Part of the density of Carter’s music comes from the harmonic structure, which uses three-, four-, five- and seven-note chords. He also divides the ensemble in a unique way in Concerto for Orchestra, creating four groups defined by their tessitura rather than by the organic family. By crowding notes in the same tessitura together, he creates cluster chords which make isolating individual notes, or even tonal centers, difficult. Even in his Fifth String Quartet, a nearly twenty-first century piece, “Carter encourages the listener to cross-reference the individual traits in rhythm and pitches that repeat, transform, clash and combine to create ‘many layered contrasts of character—hence of theme or motive, rhythm, and styles of playing’ that weave in and out of the stream of motifs.” Anthony Tommasini, a reviewer for the New York Times, wrote in a recent review, “Mr. Carter's "Triple Duo" (1982), which came next, was a reminder of the unabashed complexity of his music from the 1970s and '80s.”
Carter, however, does not necessarily feel his music is complex.
I'm not sure it's really complex,…Contrapuntal music, which I'm most interested in, has many lines come together. What you're hearing you shouldn't be analyzing in detail. But you should be hearing the total effect. It's not that different from classics like Mozart, where sometimes they're just running around on chords or scales. I'm after the total effect, a nice thick sound with harmonic quality.
While he may not have felt his music written prior to this century was complex, there is definitely a sense of density to the music that makes it difficult to comprehend on first hearing.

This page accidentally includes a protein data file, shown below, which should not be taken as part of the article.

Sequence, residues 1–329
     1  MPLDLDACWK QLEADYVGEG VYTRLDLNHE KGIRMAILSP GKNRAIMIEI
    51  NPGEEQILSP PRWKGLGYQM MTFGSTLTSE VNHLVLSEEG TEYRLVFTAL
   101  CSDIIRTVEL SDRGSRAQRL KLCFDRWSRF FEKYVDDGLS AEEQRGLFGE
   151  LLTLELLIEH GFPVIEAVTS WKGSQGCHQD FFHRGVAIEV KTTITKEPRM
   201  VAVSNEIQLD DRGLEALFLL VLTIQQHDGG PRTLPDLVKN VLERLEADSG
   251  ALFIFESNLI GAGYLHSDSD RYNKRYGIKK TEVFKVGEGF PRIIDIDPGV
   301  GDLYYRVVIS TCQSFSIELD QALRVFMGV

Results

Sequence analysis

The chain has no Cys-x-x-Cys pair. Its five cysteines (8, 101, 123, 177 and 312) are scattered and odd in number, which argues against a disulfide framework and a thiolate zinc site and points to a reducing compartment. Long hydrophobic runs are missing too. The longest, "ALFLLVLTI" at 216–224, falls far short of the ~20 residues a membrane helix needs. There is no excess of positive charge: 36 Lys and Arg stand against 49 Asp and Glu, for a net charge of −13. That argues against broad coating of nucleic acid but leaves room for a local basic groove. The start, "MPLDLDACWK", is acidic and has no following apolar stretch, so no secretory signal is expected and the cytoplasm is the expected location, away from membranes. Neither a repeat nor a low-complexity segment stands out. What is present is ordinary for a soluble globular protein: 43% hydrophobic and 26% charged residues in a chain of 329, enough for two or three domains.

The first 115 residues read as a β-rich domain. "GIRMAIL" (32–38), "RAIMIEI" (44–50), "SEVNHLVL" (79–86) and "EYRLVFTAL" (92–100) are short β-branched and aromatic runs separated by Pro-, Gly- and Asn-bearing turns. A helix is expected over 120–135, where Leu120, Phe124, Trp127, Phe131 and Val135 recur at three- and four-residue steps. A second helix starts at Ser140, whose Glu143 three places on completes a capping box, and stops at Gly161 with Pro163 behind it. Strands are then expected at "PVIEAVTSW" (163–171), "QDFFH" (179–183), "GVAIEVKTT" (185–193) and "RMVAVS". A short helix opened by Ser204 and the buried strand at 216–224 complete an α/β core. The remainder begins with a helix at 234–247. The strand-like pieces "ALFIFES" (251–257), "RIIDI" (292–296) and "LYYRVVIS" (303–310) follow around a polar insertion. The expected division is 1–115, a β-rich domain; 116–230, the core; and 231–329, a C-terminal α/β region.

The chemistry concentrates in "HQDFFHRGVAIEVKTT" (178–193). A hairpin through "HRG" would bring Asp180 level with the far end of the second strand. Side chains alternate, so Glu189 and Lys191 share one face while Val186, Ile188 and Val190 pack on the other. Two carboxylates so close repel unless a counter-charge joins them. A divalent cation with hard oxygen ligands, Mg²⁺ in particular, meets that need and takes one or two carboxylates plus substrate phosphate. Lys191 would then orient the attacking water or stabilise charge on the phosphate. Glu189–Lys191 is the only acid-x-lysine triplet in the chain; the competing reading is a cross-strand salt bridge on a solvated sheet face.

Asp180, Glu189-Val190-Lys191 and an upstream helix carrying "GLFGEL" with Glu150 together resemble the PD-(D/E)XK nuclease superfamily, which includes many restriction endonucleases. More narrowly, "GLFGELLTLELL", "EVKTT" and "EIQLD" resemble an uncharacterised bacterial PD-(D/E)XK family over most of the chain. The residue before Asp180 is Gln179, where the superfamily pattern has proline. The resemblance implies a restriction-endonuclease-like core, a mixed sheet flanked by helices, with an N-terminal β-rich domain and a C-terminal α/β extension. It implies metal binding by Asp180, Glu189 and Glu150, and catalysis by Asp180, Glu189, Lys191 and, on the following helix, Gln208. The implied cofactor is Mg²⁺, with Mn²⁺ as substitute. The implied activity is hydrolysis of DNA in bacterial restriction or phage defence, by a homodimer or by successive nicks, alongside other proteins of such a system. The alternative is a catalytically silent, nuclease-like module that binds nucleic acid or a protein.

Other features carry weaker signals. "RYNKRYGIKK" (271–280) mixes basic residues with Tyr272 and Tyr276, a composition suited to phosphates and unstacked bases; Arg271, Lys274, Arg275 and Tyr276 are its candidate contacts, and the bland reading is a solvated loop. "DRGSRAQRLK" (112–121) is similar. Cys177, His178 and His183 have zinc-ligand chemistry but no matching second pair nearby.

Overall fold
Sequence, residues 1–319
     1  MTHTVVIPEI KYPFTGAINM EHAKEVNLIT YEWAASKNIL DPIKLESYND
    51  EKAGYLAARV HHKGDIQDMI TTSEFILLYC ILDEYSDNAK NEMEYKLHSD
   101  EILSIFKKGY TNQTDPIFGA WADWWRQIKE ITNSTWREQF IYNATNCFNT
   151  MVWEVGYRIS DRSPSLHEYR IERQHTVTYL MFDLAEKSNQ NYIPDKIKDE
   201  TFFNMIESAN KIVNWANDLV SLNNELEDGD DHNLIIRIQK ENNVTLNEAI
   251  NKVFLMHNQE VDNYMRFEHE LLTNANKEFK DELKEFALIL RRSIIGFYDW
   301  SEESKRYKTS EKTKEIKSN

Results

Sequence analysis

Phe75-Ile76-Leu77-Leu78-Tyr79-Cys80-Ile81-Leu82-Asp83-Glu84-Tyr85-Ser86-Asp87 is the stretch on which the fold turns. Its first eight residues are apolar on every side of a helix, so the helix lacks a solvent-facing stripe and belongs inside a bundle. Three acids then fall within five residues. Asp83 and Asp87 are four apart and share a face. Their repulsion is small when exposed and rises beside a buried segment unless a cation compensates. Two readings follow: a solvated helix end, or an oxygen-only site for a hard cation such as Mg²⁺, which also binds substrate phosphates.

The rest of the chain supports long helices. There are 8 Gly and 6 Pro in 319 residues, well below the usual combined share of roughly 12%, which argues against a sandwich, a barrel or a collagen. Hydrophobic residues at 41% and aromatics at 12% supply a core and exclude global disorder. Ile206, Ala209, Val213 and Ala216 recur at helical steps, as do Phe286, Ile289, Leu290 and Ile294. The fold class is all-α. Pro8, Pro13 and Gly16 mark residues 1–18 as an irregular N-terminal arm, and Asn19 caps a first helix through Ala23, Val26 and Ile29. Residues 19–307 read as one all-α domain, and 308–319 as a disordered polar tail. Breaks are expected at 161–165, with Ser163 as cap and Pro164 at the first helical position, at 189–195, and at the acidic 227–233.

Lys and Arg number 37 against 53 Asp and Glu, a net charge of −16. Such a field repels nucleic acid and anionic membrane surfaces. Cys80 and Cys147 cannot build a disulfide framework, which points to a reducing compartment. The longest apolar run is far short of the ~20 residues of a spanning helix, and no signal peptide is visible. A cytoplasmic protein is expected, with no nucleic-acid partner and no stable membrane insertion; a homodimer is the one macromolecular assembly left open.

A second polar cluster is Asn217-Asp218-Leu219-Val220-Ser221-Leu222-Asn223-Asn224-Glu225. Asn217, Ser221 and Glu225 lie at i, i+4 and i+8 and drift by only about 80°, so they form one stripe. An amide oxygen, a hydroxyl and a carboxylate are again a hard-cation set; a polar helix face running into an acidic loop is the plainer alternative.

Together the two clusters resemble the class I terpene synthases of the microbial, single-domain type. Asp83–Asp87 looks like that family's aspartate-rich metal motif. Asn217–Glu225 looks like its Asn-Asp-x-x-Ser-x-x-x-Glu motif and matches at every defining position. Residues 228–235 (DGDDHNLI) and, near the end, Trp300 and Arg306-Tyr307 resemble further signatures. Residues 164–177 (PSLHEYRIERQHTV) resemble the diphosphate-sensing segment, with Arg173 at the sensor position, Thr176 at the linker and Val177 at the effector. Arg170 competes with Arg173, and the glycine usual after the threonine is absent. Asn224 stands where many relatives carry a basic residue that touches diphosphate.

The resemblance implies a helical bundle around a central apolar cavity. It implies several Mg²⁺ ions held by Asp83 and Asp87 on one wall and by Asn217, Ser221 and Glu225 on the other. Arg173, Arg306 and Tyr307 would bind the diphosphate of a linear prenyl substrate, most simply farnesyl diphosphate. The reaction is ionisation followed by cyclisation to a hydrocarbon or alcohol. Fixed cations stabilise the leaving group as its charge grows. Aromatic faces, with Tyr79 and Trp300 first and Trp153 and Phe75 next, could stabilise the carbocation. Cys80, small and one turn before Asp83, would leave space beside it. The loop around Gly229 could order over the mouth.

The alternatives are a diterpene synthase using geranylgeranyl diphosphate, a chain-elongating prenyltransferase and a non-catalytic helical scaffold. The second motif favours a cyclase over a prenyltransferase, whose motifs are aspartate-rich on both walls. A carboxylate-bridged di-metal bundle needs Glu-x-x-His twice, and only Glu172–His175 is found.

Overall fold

As Carter composes in the twenty-first century, his music takes on a sense of space it lacked before. Individual lines, solo sections and slow moving chords can be heard, all designed to allow the listener to get a sense of clarity in the music. Examining three of Carter’s most recent orchestra pieces will show how Carter utilizes this new found space to create music which is more accessible.
Dialogues opens with solo English Horn (Figure 1). At the piano’s entrance, while there is more than one line of music and the pace of the notes is somewhat frantic, the texture is still sparse (Figure 2), with separate entrances for each note. The texture heard are two- and three-note chords alternating with single notes. Even when there are orchestral moments during the piano interludes (mm.35, 36 & 38), these are only moments in the music and not create the density that might be expected in a twentieth century Carter orchestral score.
Figure 1 Elliott Carter, Dialogues, mm.1-8
Figure 2 Elliott Carter, Dialogues, mm.24-26